I first met my great-uncle George, my beloved Yia Yia Zafero’s beloved youngest brother, when he was already well into his 90s. He had her clear blue eyes, thick, white hair and crinkly smile. He moved slowly around the farmhouse, built over a century ago on the banks of the Gulf of Corinth. The land still produced plentiful citrus, olives and vegetables in the fields where my grandmother used to play as a little girl. There was an old, small building on the farm that sheltered an olive press used by growers throughout the region during the pressing season.
George made a point to tell me that his little building was older than my country.
After a lunch of fresh peas and potatoes, homemade wine, and calamari just pulled from the Gulf, George stood. He spoke about his time as an actor in a theater company that traveled the length and breadth of the Peleponnese. He talked about the acting company being a communication lifeline for people in the faraway villages of the peninsula, who lived without radios, newspapers, paved roads, or the resources to use them even if they did, in fact, exist.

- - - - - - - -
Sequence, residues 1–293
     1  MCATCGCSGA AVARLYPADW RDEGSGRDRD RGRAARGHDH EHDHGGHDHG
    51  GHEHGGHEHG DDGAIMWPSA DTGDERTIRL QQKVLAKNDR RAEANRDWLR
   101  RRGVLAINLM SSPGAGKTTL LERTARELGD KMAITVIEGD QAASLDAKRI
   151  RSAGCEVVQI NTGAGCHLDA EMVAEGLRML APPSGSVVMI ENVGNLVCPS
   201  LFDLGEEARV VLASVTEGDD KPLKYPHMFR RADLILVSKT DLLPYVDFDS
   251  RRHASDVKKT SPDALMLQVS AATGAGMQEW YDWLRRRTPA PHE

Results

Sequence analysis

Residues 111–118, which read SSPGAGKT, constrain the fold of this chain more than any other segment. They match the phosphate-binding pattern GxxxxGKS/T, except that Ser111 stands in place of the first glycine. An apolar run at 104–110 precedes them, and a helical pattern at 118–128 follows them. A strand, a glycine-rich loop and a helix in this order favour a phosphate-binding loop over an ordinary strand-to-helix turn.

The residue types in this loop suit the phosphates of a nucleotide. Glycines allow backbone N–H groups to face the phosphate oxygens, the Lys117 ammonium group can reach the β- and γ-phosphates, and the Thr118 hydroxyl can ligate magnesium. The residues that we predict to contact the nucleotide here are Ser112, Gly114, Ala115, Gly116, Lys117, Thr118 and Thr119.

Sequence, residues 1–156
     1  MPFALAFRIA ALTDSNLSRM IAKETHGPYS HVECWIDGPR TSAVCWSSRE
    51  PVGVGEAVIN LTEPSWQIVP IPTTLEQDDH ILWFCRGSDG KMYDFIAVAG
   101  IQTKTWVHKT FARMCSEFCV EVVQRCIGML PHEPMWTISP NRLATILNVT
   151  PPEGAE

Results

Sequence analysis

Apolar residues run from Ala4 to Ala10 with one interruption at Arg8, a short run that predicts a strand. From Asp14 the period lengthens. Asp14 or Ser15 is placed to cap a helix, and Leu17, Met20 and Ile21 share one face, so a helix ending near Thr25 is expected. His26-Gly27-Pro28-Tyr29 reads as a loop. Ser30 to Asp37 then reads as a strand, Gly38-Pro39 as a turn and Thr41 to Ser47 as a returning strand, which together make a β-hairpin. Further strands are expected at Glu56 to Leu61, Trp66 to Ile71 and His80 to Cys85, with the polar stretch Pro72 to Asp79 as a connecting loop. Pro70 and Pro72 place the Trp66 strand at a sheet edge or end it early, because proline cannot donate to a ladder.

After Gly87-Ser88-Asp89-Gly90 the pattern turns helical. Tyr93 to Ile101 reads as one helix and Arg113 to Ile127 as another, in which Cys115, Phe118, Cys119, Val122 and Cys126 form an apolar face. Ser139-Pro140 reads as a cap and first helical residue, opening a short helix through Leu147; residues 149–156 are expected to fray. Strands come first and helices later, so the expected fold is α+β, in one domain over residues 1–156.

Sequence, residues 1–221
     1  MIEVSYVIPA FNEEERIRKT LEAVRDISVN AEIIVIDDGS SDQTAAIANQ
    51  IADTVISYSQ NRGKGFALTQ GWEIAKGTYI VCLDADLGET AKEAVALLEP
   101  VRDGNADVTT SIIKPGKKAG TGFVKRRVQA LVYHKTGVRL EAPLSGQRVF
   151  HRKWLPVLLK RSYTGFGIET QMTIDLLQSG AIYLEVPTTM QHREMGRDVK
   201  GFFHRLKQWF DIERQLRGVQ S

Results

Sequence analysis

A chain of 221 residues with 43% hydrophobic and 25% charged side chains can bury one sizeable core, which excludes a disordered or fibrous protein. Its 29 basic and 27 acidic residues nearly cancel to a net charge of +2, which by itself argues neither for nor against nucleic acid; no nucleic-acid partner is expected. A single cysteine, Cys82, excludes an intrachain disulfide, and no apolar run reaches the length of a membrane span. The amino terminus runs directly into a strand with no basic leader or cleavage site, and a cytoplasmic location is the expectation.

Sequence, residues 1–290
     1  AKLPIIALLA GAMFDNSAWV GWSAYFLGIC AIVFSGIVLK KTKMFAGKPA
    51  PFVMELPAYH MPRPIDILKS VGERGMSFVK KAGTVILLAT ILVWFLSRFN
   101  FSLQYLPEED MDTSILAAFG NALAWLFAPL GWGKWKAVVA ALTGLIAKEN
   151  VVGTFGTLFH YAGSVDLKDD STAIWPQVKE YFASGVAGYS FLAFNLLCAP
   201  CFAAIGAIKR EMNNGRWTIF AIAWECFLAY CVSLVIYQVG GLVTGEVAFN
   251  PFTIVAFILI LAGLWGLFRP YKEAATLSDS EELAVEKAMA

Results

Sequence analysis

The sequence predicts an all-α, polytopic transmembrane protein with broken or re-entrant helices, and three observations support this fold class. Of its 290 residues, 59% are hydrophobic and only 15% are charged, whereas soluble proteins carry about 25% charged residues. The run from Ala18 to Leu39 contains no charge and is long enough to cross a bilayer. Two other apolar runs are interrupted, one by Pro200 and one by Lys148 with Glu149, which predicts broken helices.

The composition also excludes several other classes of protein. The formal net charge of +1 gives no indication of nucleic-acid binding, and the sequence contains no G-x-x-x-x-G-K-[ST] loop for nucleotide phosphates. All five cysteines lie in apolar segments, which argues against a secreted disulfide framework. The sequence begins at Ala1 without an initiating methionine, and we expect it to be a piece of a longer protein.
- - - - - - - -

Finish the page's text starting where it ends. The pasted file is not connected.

After arriving in the next town or village, the company would stir up interest, prepare their venue, sometimes an open field, find food and drink, and only then would the actors perform the great and historic epics of Greek drama, together with their own interpretations of more contemporary works, like Shakespeare, and some musical numbers.
George talked of the faces, of visiting the same villages again and again, year after year. And then, reaching back into the distance of many decades, this quiet old man stood at our luncheon little table, ramrod straight, his eyes firm and fixed, and he began to recite his lines, textbook perfect, line after line, moment after moment, drawing his family in, as he had with his village audiences in times past.